As the United States Senate proceeded with the Supreme Court confirmation process for Judge Amy Coney Barrett on October 13 2020, a fabricated quote recirculated on Facebook repackaged as a graphic.
Within hours of being posted, the meme had amassed more than 1,000 shares. The key to the graphic is that the quote is made up to resemble U.S. President Donald Trump’s speech patterns — in other words, to sound like “something he would say” in praising Barrett:
Reporters: Mr. President? Can you tell us your biggest reason for the choice of Amy Barrett?
Trump: “Well, you know you have to look at what we have had in the court. I think, I think it’s important that they have a good image, they need a terrific image, so people will say they can, believe me. I’m not saying any names, but you look at these people, and they are not that nice, not nice to look at, not at all. I think Amy is much, much better looking than the women we have had.
I think people know this, they know. If people are more attractive, they get a fantastic amount of respect, and we need to have that, we need that now. That I can tell you.”
There is no evidence that Trump has described Barrett in this fashion anywhere, including at the September 26 2020 White House event that has been described as a “superspreader event” since several Republican lawmakers and White House personnel subsequently tested positive for COVID-19. However, the text matches up exactly with a separate user’s post that month that has been shared more than 450 times. When asked to provide proof of that it was a real quote, they replied, “I think I’ll let you go ahead and do your own research.”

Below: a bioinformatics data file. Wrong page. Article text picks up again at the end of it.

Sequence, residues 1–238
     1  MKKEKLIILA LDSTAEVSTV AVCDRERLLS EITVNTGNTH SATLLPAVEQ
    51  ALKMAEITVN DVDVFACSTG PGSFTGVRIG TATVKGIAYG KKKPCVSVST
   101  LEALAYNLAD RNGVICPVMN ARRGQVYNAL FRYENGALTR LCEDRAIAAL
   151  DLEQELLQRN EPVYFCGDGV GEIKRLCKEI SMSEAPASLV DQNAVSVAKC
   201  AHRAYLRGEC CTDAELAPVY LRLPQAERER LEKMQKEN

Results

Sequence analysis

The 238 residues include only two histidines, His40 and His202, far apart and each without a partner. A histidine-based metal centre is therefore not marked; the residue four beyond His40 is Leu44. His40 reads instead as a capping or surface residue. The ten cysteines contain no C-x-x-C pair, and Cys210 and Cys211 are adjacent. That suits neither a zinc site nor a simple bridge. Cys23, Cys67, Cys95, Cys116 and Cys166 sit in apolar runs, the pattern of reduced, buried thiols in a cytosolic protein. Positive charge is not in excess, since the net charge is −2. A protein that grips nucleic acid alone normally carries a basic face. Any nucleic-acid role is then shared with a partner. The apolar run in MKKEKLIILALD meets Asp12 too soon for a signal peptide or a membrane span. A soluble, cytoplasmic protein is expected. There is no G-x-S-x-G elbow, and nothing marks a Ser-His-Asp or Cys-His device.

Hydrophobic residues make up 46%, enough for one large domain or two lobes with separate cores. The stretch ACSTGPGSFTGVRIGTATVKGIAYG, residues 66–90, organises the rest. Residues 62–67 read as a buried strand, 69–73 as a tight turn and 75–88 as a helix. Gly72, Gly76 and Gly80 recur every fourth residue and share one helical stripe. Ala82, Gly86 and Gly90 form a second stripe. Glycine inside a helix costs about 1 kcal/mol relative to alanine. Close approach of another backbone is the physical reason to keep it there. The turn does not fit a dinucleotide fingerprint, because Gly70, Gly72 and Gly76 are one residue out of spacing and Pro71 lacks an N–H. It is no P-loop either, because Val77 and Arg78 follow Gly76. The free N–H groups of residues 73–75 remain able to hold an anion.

Barrett was nominated to the high court after serving less than three years on the U.S. Court of Appeals for the 7th Circuit. An analysis of her work there by SCOTUSBlog said she showed “a high rate of ruling for conservative outcomes in all types of decisions.” Critics have described her nomination — coming amid both the ongoing pandemic and the GOP Senate’s refusal to take up relief legislation — as part of a right-wing push against not only reproductive rights but also the Affordable Care Act, which the Trump administration has targeted in a case slated to come before the court the week after the 2020 presidential election.
Barrett was also part of the team of Republican operatives in 2000 sent to Florida to help count mail-in ballots in Florida on behalf of then-Republican Party presidential nominee George W. Bush. The Supreme Court ultimately upheld the tally, giving Bush the victory over Democratic Party nominee Al Gore, despite the latter famously winning the popular vote by hundreds of thousands. In 2020, Trump has launched several false claims attacking mail-in voting, while at the same time pushing for the high court to be made up mostly of conservatives in the event of another disputed election.